Smart maintenance and inspection of linear assets: An Industry 4.0 approach


  • Dammika Seneviratne Tecnalia Research and Innovation
  • Lorenzo Ciani Department of Information Engineering, University of Florence
  • Marcantonio Catelani Department of Information Engineering, University of Florence
  • Diego Galar Luleå University of Technology



Linear assets have linear properties, for instance, similar underlying geometry and characteristics, over a distance. They show specific patterns of continuous inherent deteriorations and failures. Therefore, remedial inspection and maintenance actions will be similar along the length of a linear asset, but because as the asset is distributed over a large area, the execution costs are greater.

Autonomous robots, for instance, unmanned aerial vehicles, pipe inspection gauges, and remotely operated vehicles, are used in different industrial settings in an ad-hoc manner for inspection and maintenance. Autonomous robots can be programmed for repetitive and specific tasks; this is useful for the inspection and maintenance of linear assets.

This paper reviews the challenges of maintaining the linear assets, focusing on inspections. It also provides a conceptual framework for the use of autonomous inspection and maintenance practices for linear assets to reduce maintenance costs, human involvement, etc., whilst improving the availability of linear assets by effective use of autonomous robots and data from different sources.

Author Biographies

Dammika Seneviratne, Tecnalia Research and Innovation

Dammika Seneviratne currently works as a Senior Researcher, Tecnalia Research and Innovation, Industry and Transport Division, Miñano (Araba) 01510, Spain. He holds a B.Sc. degree in Mechanical Engineering from University of Peradeniya, Srilanka. He received his M.Sc. degree in Mechatronics Engineering from the Asian Institute of Technology, Thailand. After working as a maintenance engineer in various organizations, he attained a PhD degree in Offshore Technology from the University of Stavanger. His research interests include condition monitoring, operation and maintenance engineering in railway systems; risk based inspection planning in offshore oil and gas facilities; reliability and risk analysis and management, and risk based maintenance.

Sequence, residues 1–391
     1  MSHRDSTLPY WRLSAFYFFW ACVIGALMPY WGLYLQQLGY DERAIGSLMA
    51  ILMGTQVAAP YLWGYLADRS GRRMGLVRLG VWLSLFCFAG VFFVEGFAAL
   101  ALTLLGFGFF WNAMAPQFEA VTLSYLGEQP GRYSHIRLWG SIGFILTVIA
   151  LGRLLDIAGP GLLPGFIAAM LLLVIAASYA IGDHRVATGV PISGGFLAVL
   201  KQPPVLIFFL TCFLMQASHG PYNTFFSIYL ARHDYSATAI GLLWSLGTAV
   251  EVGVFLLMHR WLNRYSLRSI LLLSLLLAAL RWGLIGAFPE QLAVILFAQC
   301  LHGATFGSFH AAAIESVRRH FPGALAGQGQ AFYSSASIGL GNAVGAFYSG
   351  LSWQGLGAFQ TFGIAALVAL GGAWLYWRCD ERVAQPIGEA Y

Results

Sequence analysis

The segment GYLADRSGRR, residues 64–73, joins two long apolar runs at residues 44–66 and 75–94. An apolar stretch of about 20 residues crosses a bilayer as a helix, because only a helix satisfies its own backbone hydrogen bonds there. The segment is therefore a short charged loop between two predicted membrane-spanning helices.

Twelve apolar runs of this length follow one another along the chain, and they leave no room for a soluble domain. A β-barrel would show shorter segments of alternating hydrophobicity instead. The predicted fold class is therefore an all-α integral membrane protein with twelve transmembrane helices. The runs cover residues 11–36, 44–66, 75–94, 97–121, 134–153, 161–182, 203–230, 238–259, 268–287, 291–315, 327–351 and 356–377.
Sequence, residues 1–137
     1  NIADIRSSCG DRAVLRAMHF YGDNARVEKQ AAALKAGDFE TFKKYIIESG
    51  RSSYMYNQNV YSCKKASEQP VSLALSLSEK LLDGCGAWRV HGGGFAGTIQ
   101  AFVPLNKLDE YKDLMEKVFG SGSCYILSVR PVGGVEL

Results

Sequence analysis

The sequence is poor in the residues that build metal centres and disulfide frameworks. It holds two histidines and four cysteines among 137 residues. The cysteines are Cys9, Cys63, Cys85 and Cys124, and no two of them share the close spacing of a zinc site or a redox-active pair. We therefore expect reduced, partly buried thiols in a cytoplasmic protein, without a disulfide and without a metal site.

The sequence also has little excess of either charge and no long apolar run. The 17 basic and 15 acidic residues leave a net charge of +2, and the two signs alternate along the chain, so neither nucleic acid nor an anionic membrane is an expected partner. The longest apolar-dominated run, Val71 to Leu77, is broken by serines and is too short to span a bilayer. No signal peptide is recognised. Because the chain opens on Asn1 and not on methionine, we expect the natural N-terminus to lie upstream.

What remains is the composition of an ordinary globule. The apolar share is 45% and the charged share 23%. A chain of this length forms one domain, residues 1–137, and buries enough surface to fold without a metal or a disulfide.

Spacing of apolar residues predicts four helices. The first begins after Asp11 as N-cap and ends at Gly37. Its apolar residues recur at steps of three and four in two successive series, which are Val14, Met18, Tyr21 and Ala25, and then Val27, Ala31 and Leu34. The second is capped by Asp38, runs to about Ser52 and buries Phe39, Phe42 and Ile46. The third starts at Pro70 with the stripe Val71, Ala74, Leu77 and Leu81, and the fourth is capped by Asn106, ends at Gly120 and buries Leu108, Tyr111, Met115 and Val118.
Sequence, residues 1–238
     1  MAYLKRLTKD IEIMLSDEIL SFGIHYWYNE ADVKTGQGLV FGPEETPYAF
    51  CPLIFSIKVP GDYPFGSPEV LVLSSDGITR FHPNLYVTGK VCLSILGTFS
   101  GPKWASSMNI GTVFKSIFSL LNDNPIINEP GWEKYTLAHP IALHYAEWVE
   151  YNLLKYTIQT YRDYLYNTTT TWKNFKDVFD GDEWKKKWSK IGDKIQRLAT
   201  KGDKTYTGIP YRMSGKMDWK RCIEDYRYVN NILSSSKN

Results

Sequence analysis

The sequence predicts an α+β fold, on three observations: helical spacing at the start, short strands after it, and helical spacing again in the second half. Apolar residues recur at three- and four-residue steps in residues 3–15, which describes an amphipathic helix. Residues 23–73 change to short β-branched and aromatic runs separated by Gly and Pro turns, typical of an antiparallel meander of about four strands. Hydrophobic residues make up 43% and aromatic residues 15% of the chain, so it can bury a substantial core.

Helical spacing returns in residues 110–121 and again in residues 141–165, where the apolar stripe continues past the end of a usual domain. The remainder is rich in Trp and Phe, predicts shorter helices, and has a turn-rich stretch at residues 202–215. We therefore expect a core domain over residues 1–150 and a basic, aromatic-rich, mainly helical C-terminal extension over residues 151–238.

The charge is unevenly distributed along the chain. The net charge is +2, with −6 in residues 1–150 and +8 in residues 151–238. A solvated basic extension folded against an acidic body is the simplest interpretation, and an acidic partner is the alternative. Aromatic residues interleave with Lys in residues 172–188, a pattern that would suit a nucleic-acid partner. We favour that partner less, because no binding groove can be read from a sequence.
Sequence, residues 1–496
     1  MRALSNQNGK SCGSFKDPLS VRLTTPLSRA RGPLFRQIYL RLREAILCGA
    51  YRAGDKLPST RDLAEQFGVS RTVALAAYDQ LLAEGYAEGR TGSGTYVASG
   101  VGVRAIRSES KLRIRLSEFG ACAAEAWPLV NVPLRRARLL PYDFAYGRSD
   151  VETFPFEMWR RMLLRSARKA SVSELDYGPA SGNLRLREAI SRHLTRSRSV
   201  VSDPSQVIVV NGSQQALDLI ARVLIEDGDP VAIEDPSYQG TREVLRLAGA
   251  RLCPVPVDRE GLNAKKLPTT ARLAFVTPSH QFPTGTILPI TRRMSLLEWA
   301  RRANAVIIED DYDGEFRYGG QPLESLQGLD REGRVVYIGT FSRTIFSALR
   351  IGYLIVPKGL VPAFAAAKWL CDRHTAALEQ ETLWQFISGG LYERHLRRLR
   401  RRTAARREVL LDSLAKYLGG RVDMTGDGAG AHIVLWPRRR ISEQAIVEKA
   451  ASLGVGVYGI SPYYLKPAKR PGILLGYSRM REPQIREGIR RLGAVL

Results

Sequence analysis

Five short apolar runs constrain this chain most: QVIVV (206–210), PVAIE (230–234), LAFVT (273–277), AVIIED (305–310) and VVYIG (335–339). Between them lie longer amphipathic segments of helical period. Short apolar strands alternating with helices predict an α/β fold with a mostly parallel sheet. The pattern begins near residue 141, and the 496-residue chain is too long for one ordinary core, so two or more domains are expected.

Lorenzo Ciani, Department of Information Engineering, University of Florence

Lorenzo Ciani (S’08–M’10-SM'16) received the M.S. degree in electronic engineering and the Ph.D. degree in Industrial and Reliability Engineering from the University of Florence, Italy, in 2005 and 2009, respectively. He is currently a Post-Doctoral Research Fellow with the Department of Information Engineering, University of Florence. From June, 2012 he is a TÜV Rheinland Industrie Service GmbH – Functional Safety Engineer – ID 5062/12. He is a Teaching assistant for “Reliability and Quality control” and “Diagnostic and systems’ safety” courses.

Diego Galar, Luleå University of Technology

Dr. Diego Galar is Professor of Condition Monitoring in the Division of Operation and Maintenance Engineering at LTU, Luleå University of Technology where he is coordinating several H2020 projects related to different aspects of cyber physical systems, Industry 4.0, IoT or industrial Big Data. He was also involved in the SKF UTC centre located in Lulea focused on SMART bearings. He is also actively involved in national projects with the Swedish industry and also funded by Swedish national agencies like Vinnova.

He is also principal researcher in Tecnalia (Spain), heading the Maintenance and Reliability research group.

He has authored more than three hundred journal and conference papers, books and technical reports in the field of maintenance, working also as member of editorial boards, scientific committees and chairing international journals and conferences.






Research Papers